Robber convicted of £700k raid on cyclist Mark Cavendish and Peta at home in Essex
A man has been convicted of robbing the Olympic cyclist Mark Cavendish and his wife Peta at knifepoint in a terrifying night-time raid.
Prosecutors said balaclava-wearing intruders broke into Cavendish’s home in Ongar, Essex, as he was asleep upstairs with his wife – with their three-year-old child also in the bed.
During the raid, a Rambo-style hunting knife was held to the sportsman's throat, the court heard.
Two Richard Mille watches, valued at £400,000 and £300,000, were among the items taken in the raid at around 2.30am on 27 November 2021.
Romario Henry, 31, of Bell Green, Lewisham, south-east London, was convicted of two counts of robbery.
He was found guilty on both counts by a majority verdict of 10 jurors to two following 14 hours and 35 minutes of deliberation at Chelmsford Crown Court.
Oludewa Okorosobo, 28, of Flaxman Road, Camberwell, south London, was found not guilty on the same charges.
Henry will sentenced at the same court on 7 February.
In a statement after the verdicts, Mark and Peta Cavendish said reliving the robbery in court had been "an incredibly difficult experience" but they had taken "some comfort" from the conviction of the two men.
The two men on trial had been accused of robbing Cavendish of a watch, a phone and a safe, and of robbing the athlete’s wife of a watch, a phone and a Louis Vuitton suitcase.
Ali Sesay, 28, of Holding Street, Rainham, Kent, admitted two counts of robbery at an earlier hearing, and the court was told that his DNA was found at the scene.
Two other men, Jo Jobson, from Plaistow, east London, and George Goddard, from Loughton in Essex, have been named as suspects but not apprehended.
During the trial, Henry admitted that he had been in a Mercedes which travelled to the family's home in south Essex, but claimed he was so "out of it on drugs" he was not aware of or involved in the crime.
He said he had been visiting his murdered brother's grave earlier on the evening of 26 November, where he said he drank and took drugs.
Okorosobo, who held his head in his hands as he was found not guilty, had told jurors that he was stabbed in the leg on 16 September 2021, months before the robbery.
He said in a prepared statement to police in December 2021 that he was “unable to do any” of the alleged offences, and that “any human could see I’m incapable of doing this”.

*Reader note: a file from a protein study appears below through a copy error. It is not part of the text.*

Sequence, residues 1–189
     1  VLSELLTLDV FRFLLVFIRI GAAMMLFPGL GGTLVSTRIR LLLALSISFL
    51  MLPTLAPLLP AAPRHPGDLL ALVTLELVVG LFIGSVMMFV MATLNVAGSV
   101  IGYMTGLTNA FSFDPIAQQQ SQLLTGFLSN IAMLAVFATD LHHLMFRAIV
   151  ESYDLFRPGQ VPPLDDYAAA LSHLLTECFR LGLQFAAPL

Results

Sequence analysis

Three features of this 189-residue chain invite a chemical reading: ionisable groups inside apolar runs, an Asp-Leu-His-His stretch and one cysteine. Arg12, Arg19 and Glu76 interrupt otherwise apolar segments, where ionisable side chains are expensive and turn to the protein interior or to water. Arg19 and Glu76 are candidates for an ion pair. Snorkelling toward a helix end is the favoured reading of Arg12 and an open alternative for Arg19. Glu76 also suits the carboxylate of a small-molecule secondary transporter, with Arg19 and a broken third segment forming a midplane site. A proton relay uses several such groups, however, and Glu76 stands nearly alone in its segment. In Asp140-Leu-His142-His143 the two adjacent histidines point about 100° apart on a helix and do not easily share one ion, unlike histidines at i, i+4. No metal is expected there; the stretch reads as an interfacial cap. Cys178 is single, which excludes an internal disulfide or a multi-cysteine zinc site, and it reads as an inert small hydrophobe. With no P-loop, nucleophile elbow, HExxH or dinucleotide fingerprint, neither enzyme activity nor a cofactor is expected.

He said that he had loaned his mobile phone, which connected with cell masts in the Ongar area on the night to Sesay.
Okorosobo said that he did not go to the Cavendish address and was not with his phone, but had let Sesay borrow it to use a navigation app.
Mrs Cavendish, who like her husband was naked during the robbery, had told jurors she had heard a noise that woke her in the night and went downstairs to investigate.
She said she could see “men’s figures in balaclavas, and they were running towards the bottom of the stairs”, and that she believed there were “between three and five” people.
She said that she ran back to the bedroom shouting “get back” or “get in” to her husband, who was unable to activate a panic alarm.
She told the trial that one of the intruders “dragged” Cavendish “from his feet and started punching him”.
One had her husband in a headlock, she said, adding: “One of them held a large black knife to his throat and they said ‘where’s the watches’ and ‘do you want me to stab you?’”
She agreed with a suggestion that it was a Rambo-style knife, and in his evidence Cavendish said it “wasn’t a knife you have in a kitchen”.
“It was black and had holes in it, he said, adding: “It was a weapon.”
Mrs Cavendish said that at the time her husband had been “out of hospital for four days maybe” following a cycling crash which left him with three broken ribs and a tear to his left lung.
She said that when she went downstairs after the intruders had left, she saw that a patio door was smashed, and Cavendish cut his feet on the smashed glass.
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